Placeholder ImageAbout the Author

A.W. Tozer (1897-1963). Tozer's conversion to Christianity came when he was seventeen. As a result he gained an insatiable hunger and thirst for the things of God. A cleaned-out area in the family's basement became his refuge where he could pray and meditate on the goodness of God. His notebooks and tools consisted of prayer and the writings of early Christians and theologians—the Puritans and great men of faith.  Many said that if Tozer had food, clothing, and his books, he was content. The family never owned a car.  Tozer, instead, opted for the bus and train for travel, and even after becoming a well-known Christian author, he signed away much of his royalties to those who were in need.  In 1928, he accepted a call to pastor the Southside Gospel Tabernacle in Chicago, where he remained for thirty years.  Leonard Ravenhill once said of Tozer, "I fear that we shall never see another Tozer. Men like him are not college bred but Spirit taught."  The flippant did not like Tozer; the serious who wanted to know what God was saying to them loved him.  "God discovers Himself to 'babes,'" wrote Tozer, "and hides Himself in thick darkness from the wise and the prudent. We must simplify our approach to Him. We must strip down to essentials and they will be found to be blessedly few.”  Although never attending Bible college or seminary, Tozer received two honorary doctorates. During his lifetime, Tozer pastored several Christian and Missionary Alliance (CMA) churches, authored more than forty books, and served as editor of Alliance Life, the monthly denominational publication for the CMA. At least two of Tozer's books are considered spiritual classics, The Pursuit of God and The Knowledge of the Holy, a tremendous accomplishment for a man with no formal theological education.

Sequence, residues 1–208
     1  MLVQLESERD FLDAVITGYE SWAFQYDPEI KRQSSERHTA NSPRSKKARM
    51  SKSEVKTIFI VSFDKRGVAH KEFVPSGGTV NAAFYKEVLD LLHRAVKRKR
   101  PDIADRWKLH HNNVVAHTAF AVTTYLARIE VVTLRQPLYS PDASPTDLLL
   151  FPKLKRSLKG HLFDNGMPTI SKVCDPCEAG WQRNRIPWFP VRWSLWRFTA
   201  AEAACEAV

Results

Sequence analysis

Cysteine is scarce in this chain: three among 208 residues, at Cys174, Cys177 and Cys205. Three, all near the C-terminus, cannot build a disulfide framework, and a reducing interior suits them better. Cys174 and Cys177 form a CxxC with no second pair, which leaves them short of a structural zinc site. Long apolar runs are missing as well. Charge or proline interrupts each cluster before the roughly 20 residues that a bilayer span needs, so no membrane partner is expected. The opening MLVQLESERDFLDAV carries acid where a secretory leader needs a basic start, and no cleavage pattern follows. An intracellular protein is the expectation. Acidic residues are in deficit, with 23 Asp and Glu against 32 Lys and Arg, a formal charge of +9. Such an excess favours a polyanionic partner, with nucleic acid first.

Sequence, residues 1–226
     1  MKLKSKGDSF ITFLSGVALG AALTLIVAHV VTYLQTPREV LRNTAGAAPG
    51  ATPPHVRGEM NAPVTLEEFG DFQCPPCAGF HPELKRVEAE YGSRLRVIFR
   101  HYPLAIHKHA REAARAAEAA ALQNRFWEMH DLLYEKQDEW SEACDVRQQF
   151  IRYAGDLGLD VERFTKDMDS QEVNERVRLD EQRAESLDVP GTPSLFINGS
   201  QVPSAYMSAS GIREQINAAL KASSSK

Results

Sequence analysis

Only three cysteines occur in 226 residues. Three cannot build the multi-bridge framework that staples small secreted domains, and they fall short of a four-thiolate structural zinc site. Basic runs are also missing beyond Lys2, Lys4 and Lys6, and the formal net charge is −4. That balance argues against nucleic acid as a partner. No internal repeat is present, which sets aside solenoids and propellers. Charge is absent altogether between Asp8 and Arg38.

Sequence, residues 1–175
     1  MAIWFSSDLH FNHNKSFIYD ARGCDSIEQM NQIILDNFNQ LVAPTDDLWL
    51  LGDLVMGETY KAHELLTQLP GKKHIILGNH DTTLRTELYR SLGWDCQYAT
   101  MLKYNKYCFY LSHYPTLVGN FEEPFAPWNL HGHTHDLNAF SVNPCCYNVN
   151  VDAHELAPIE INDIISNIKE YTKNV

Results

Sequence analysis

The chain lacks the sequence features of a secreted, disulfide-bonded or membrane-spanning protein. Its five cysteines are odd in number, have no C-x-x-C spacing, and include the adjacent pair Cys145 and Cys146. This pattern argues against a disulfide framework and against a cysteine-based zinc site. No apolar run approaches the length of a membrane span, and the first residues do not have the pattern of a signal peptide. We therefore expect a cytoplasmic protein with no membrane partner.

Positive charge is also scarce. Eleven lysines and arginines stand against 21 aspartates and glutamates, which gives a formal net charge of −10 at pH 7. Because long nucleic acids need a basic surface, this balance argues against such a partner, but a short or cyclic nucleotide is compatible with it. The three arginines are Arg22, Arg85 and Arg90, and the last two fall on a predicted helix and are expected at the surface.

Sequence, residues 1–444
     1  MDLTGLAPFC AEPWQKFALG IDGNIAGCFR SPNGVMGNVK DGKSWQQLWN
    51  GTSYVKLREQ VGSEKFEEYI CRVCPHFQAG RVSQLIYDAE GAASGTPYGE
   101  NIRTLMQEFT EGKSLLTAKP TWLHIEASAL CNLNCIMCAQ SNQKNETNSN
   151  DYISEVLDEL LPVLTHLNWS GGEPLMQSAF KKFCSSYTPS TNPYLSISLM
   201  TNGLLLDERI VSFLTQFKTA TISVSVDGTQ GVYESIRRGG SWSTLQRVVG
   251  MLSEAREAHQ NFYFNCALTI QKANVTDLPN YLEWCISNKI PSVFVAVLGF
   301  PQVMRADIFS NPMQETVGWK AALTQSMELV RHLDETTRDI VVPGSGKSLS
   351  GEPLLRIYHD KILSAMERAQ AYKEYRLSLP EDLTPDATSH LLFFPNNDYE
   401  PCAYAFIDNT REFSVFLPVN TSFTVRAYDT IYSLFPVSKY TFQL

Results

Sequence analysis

From The Pursuit of God (1948)

by A.W. Tozer

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